Goldman Sachs Sees Good Economy for the Philippines

Goldman Sachs sees continued expansion of money sent home by Overseas Filipinos (OFs), which, in turn, is expected to boost strong growth of the domestic economy this year.

In a recent study, the investment bank said it remains confident for a 7.4 percent full year growth, as measured by gross domestic product (GDP), for the country this year as against the consensus of 6.3 percent.

It, however, noted that quarter-on-quarter the growth is expected to slow down to 2.5 percent for the third and the fourth quarter compared to the 5.3 percent in the second quarter this year “as the global economic momentum softens in the second half of 2010.”

“Going into 2011, our GDP growth forecast stands at 5 percent year-on-year,” it said.

The domestic economy churned in a 7.9 percent growth in the first half this year from 7.8 percent in the first quarter and 7.9 percent the following three months.

Relatively, one of the major drivers of the domestic economy, the remittances, is eyed to grow by 10 percent this year, higher than central bank’s eight percent projection.

Last July alone, remittance inflows grew by 8.2 percent, a slowdown from the previous month’s 8.3 percent but is already ahead of the full-year growth forecast.

“We continue to expect overseas remittances to grow by a robust 10 percent year-on-year for the full year of 2010,” it said.

Goldman Sachs said the Philippines’ second quarter output “confirms that the recovery process is firmly on track, and we expect it to continue to get support from the two engines of flows—stable remittances and growing IT service exports.”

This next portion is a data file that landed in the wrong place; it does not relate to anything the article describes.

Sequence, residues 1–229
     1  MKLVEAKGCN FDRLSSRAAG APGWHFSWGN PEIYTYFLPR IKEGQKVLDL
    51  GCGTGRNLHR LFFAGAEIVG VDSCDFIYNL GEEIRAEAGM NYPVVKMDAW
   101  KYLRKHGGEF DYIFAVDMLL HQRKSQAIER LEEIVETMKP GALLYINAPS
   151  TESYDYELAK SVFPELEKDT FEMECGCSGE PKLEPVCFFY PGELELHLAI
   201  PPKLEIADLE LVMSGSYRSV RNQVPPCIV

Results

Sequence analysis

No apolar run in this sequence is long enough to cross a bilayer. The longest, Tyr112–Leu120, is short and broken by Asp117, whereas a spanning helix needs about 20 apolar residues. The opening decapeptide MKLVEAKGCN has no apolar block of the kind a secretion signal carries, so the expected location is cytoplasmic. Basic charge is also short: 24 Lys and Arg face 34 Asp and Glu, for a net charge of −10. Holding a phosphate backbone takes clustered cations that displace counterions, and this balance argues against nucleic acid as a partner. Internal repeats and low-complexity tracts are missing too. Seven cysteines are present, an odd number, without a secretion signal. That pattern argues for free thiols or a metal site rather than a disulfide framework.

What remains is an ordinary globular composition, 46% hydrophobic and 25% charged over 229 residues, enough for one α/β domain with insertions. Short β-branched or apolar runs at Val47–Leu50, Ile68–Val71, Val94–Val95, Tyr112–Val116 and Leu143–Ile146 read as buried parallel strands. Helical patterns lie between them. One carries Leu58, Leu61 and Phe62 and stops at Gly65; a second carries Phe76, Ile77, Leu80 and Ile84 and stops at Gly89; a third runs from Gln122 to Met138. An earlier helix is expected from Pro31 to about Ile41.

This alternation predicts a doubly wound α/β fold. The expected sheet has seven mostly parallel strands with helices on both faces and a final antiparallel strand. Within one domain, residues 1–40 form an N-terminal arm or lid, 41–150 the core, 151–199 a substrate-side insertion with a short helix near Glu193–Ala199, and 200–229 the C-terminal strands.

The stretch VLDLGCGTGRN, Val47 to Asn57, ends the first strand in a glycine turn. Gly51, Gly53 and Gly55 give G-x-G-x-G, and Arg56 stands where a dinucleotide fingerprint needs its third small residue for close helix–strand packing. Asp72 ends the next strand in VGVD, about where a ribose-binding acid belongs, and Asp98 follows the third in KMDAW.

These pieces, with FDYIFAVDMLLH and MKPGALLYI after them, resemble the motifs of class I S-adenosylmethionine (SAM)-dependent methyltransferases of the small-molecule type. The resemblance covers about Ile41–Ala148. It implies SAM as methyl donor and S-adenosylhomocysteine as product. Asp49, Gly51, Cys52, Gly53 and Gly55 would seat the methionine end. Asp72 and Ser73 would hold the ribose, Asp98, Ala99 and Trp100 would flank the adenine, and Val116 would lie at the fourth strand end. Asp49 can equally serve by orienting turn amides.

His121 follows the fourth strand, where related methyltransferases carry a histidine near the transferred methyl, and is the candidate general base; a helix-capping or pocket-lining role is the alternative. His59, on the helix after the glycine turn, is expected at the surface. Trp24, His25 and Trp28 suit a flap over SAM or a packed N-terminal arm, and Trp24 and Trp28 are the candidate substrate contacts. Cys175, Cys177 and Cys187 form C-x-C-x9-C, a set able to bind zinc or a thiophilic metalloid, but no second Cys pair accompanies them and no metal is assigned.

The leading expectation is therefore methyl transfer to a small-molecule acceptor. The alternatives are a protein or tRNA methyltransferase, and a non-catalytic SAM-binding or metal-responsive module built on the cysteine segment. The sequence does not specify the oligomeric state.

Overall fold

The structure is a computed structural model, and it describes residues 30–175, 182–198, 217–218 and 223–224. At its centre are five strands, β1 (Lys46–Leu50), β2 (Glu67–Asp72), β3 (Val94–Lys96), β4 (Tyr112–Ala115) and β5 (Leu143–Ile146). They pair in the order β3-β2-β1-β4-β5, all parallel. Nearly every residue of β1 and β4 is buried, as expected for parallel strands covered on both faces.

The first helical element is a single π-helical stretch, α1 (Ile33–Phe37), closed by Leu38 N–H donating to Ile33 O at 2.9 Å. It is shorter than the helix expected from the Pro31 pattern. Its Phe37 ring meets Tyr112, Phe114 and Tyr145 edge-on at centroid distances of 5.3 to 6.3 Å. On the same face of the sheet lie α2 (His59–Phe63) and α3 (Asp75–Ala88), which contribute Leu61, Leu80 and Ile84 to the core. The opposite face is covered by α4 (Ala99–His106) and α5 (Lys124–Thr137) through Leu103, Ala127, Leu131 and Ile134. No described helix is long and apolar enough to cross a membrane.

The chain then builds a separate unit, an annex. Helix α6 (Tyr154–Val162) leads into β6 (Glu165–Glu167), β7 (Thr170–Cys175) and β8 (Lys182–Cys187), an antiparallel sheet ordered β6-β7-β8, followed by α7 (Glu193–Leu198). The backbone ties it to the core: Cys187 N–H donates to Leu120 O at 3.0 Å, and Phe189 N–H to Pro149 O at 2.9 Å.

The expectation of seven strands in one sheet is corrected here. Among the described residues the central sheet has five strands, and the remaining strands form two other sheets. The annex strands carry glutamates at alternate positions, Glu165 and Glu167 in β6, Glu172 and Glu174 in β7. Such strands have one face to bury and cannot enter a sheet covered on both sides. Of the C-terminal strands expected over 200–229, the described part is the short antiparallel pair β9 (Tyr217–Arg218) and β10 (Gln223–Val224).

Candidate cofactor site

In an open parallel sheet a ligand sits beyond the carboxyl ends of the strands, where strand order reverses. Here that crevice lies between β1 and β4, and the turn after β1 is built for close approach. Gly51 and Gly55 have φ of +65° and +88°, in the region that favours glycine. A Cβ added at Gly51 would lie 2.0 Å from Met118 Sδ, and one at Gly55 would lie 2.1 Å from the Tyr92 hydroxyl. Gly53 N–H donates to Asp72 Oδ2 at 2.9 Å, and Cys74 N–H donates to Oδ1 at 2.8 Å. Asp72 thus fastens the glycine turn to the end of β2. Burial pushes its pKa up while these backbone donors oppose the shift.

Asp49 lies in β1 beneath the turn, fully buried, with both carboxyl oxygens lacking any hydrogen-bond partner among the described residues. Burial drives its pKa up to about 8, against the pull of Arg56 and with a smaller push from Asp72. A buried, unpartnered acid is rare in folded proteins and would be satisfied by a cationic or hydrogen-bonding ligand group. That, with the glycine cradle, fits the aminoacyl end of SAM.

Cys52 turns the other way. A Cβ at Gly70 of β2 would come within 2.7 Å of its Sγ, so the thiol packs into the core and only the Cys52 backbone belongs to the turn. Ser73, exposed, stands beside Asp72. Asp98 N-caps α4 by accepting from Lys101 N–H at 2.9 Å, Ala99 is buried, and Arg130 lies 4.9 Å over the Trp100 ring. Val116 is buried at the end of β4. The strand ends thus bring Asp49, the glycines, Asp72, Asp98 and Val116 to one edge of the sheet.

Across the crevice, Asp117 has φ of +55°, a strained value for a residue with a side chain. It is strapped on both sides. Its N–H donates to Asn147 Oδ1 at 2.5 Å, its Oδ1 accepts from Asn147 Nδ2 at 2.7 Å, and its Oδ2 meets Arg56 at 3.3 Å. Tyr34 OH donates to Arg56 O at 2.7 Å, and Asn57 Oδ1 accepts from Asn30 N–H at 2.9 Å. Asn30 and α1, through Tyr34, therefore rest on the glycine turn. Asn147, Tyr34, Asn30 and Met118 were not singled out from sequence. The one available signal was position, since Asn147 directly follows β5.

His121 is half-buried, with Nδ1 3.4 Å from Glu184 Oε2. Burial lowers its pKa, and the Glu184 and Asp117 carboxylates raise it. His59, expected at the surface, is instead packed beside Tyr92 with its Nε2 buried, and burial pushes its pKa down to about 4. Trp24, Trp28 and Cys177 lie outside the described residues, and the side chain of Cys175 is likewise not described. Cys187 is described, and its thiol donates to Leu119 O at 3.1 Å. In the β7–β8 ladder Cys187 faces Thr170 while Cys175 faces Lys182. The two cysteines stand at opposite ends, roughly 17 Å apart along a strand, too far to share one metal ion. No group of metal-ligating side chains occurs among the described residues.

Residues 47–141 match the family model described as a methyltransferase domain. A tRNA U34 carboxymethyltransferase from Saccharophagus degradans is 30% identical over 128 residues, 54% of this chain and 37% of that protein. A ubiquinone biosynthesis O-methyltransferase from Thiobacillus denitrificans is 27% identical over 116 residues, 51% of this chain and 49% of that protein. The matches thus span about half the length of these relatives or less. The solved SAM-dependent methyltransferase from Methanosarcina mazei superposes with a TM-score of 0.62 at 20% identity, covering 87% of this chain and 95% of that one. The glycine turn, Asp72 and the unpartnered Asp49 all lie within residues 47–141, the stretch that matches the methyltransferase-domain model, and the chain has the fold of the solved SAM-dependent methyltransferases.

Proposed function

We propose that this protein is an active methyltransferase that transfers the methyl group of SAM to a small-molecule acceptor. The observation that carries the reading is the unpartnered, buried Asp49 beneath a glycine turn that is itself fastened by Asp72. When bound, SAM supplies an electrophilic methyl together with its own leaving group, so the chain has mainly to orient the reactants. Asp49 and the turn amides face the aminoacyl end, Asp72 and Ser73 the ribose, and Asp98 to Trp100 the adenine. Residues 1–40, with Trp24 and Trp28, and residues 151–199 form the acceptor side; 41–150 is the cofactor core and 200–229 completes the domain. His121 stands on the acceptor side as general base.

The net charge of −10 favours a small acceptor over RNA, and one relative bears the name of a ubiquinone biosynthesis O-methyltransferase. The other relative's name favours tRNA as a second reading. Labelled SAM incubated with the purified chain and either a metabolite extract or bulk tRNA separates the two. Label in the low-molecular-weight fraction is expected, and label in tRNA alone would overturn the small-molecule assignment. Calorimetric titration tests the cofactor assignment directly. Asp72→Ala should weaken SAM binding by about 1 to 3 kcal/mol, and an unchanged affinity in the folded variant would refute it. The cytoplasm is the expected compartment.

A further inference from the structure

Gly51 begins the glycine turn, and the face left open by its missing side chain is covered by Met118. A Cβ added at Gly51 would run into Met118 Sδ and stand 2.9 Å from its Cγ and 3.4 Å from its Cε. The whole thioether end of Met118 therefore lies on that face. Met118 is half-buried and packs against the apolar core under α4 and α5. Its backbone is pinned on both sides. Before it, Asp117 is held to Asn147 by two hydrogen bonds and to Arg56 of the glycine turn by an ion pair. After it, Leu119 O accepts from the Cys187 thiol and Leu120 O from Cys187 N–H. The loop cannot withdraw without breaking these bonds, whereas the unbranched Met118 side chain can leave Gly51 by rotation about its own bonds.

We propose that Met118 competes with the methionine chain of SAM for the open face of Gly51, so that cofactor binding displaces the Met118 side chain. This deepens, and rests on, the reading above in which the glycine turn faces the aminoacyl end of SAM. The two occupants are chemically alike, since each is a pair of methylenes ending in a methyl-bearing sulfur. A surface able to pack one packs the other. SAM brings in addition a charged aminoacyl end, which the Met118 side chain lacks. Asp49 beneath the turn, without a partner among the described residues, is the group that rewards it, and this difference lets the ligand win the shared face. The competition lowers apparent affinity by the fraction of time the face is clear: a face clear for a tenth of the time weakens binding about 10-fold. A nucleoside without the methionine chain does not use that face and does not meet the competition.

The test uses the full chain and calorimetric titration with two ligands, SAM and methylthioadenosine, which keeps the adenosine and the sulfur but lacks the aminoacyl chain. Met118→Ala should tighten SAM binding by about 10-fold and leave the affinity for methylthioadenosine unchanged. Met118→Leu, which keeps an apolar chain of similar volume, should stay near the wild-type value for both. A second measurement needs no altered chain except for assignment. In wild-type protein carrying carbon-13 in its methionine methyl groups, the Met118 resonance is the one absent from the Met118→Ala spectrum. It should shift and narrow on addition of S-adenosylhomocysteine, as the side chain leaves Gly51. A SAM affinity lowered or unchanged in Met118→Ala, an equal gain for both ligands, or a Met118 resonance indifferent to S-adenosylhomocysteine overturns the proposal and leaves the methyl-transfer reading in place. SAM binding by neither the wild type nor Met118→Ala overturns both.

“We expect this to continue to provide steady support to private consumption, the balance of payments, GDP growth and the Philippine peso. Our 3, 6 and 12-month forecasts for USD/PHP are 43, 42 and 41, respectively,” it added.

The local unit continues to strengthen against the US dollar as risk appetite to emerging economies like the Philippines is on the uptrend similar to that before the recent global economic and financial turmoil.

In the first half this year, the peso appreciated by 5.4 percent against the US dollar after averaging at 45.77 to a dollar from January to June this year, better than the 47.8 to a dollar it registered same period last year.

Last September 22, it closed at more than two-year high of 43.88 to a dollar on account of US Federal Reserve’s decision to maintain to near-zero level its rates.

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